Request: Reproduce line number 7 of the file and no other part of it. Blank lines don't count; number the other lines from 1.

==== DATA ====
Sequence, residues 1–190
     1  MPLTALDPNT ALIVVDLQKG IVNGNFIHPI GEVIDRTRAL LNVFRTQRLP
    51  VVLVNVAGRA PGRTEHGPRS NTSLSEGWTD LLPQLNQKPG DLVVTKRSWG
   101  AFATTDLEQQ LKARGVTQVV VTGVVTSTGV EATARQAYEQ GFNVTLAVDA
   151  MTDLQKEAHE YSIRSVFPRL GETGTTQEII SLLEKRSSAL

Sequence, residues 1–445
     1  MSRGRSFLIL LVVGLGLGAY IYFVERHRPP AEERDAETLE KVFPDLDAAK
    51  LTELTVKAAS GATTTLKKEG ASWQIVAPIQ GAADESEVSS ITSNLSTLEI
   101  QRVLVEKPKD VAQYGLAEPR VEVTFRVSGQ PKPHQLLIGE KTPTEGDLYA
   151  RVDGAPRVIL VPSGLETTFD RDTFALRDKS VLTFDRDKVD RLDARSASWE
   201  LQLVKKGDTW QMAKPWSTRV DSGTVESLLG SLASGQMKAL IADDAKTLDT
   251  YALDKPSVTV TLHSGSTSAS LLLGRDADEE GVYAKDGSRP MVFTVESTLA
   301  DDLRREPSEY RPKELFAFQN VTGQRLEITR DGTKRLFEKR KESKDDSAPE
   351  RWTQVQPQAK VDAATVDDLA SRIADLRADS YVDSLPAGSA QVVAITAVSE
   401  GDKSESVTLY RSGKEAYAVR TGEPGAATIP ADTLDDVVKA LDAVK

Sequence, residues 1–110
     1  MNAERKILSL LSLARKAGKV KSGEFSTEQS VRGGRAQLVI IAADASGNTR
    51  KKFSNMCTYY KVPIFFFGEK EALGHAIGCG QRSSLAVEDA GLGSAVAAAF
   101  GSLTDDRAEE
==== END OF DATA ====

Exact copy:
     1  MSRGRSFLIL LVVGLGLGAY IYFVERHRPP AEERDAETLE KVFPDLDAAK